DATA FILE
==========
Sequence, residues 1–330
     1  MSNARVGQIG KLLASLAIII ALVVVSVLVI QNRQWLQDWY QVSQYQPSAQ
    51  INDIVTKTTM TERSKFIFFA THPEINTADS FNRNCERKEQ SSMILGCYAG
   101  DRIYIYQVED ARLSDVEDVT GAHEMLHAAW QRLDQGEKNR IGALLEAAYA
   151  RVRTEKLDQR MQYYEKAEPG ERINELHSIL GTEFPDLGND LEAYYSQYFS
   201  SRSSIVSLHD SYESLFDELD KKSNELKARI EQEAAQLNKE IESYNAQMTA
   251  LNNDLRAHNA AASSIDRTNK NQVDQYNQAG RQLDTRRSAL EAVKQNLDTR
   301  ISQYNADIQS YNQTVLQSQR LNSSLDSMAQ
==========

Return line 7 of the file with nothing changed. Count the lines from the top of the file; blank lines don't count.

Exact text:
   251  LNNDLRAHNA AASSIDRTNK NQVDQYNQAG RQLDTRRSAL EAVKQNLDTR